An international team of astronomers has discovered the oldest known star in the universe, and it's more than twice the age of our solar system.
The star is orbited by five planets, with sizes comparable to those of Mercury and Venus, but the scientists say they are too near their sun to permit habitation.
Writing in the latest Astrophysical Journal, the scientists reported that the solar system most likely dates from a time near the dawn of the universe 13.8 billion years ago.
The astronomers believe the newly discovered solar system began 11.2 billion years ago. By comparison, our solar system is about 4.5 billion years old.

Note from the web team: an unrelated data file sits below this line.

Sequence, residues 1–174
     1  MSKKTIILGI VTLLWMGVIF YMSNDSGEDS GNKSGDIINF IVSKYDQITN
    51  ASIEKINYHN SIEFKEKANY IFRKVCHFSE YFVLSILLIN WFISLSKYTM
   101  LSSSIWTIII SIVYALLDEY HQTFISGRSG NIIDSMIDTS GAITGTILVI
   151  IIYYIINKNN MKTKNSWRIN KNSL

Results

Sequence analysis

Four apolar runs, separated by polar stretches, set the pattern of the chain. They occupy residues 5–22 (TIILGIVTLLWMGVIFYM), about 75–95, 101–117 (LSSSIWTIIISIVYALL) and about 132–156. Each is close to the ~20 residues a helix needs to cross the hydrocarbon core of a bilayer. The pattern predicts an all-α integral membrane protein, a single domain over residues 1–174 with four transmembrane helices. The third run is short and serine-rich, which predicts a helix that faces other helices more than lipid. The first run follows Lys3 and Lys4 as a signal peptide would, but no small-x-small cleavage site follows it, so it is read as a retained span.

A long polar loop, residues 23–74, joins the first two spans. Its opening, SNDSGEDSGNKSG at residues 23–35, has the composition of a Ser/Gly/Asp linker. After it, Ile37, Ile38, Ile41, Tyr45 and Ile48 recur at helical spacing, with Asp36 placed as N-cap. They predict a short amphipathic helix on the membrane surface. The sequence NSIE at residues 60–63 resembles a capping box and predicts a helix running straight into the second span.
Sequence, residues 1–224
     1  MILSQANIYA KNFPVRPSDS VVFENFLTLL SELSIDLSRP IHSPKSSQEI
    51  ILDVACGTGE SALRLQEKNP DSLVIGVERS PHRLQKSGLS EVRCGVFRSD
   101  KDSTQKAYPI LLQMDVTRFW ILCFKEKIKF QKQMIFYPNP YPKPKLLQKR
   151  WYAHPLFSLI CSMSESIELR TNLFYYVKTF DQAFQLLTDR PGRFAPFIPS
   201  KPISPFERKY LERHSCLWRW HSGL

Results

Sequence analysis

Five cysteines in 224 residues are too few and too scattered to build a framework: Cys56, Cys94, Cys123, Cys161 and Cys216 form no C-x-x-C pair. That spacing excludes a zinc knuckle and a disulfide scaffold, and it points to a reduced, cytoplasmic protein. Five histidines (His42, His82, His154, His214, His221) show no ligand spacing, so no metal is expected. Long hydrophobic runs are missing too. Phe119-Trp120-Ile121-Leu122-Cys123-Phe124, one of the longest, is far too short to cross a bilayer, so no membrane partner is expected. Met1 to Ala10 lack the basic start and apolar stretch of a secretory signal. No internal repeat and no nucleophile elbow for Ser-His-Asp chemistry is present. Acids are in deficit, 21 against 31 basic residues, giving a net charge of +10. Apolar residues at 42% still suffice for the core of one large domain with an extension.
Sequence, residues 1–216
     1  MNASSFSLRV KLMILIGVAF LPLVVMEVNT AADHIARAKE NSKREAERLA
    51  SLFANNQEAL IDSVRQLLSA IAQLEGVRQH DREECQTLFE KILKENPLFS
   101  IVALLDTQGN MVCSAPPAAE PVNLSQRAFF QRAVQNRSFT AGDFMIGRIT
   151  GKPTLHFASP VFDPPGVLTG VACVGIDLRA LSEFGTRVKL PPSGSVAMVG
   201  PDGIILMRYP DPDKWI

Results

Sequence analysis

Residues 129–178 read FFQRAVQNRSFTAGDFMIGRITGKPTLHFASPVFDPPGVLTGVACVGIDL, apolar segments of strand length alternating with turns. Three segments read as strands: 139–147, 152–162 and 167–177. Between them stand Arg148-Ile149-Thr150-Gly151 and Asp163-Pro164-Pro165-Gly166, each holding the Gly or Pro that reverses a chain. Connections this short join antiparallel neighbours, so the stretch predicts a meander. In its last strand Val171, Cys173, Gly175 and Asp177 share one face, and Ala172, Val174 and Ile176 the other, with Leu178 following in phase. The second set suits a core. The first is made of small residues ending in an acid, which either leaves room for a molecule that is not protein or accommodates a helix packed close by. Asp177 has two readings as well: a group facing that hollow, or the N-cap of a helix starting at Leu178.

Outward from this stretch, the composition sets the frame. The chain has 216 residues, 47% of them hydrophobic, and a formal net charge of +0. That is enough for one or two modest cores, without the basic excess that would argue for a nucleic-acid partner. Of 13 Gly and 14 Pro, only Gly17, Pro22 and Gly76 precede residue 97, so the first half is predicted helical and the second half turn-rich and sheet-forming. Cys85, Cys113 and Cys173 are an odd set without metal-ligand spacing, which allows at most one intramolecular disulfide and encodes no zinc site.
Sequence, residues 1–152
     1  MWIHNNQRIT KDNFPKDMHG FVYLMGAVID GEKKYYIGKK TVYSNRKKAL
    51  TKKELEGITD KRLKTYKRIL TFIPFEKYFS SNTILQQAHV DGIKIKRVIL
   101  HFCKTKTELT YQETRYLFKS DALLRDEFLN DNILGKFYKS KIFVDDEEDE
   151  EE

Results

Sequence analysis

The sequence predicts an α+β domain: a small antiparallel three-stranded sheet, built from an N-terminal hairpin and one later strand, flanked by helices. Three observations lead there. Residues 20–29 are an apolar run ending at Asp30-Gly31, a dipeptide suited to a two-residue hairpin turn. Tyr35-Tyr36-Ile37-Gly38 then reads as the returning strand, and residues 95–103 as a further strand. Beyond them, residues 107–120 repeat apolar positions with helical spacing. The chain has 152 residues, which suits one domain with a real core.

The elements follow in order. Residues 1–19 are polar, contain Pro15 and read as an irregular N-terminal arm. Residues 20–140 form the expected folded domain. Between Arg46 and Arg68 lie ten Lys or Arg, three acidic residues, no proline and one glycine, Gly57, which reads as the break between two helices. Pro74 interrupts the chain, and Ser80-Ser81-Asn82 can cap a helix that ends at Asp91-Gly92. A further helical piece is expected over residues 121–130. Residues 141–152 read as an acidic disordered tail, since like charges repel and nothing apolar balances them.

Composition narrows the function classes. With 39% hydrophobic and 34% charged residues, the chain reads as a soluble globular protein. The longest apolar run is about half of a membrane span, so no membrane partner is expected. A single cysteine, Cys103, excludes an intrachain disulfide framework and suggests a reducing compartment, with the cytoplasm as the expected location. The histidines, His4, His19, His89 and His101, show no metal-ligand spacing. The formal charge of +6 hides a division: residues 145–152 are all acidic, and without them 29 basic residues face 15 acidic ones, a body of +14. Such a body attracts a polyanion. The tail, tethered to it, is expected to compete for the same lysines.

The discovery was made using the National Aeronautics and Space Administration's Kepler planet-hunting spacecraft over a four-year period, and the new star, in the constellation Lyre, has been named Kepler-444.
According to the scientists, Kepler-444's planets orbit their star in less than 10 days, at less than one-tenth of the Earth's distance from the sun.
The team included astronomers from Europe, Australia and the United States.